Arguing for those challenging the prayer was one of the most respected legal scholars in America, Douglas Laycock. As his argument time was running down, Justice Elena Kagan -- one of the two justices nominated by President Obama -- shared an interesting and revealing observation. She emphasized how important it is to "maintain a multireligious society in a peaceful and harmonious way" and then added, "every time the court gets involved in things like this, it seems to make the problem worse rather than better."

Richard Garnett
Richard Garnett

A clue? Perhaps. The Supreme Court's decisions and doctrines about church-state relations, religious liberty, and the role of faith in public life are regularly criticized as unpredictable and unprincipled. Why, for example, is a large Ten Commandments monument on the grounds of the Texas State Capitol acceptable while a display in a Kentucky courthouse that includes a framed copy of the Ten Commandments is not? Why did the justices permit a Rhode Island city's Christmas display, which included a creche, but disapprove Pittsburgh's, which did also.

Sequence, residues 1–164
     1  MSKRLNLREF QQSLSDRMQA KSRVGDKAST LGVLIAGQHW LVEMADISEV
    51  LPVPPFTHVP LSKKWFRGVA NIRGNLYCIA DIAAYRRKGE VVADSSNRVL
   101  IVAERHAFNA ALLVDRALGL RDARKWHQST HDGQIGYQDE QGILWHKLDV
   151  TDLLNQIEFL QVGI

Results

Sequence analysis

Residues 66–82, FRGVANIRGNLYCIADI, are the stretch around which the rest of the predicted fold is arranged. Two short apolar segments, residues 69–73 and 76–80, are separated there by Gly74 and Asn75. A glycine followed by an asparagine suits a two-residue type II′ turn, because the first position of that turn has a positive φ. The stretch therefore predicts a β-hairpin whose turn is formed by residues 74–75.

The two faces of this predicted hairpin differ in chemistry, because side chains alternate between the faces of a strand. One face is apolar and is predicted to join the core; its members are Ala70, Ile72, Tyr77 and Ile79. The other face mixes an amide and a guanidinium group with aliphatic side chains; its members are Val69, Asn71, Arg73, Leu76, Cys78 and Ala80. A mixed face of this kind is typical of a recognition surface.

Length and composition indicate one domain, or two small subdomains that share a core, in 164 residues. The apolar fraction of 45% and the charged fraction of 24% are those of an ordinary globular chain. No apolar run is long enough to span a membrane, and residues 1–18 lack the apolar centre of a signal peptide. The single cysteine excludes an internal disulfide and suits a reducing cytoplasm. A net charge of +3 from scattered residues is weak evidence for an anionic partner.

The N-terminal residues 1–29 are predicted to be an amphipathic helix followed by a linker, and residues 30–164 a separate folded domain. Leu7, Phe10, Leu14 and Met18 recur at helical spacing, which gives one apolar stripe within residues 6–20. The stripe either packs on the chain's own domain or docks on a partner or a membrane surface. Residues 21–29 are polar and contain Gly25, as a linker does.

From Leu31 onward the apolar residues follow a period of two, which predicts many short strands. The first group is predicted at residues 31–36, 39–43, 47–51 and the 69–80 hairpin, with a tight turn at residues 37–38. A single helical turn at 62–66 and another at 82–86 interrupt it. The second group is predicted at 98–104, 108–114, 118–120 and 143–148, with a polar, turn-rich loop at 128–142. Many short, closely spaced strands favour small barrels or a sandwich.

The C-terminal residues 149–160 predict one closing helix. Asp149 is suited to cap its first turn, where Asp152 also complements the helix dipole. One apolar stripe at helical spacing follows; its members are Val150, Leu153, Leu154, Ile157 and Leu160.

To many observers, the court's rulings seem to have done more to cause discord and dissonance than -- borrowing Kagan's words -- peace and harmony and, at Wednesday's session, many of the justices appeared to share her concern. Over and again, they pressed the attorneys to identify clear lines and straightforward rules that courts, legislators and citizens might use to separate permissible religious solemnizations from unconstitutional religious establishments.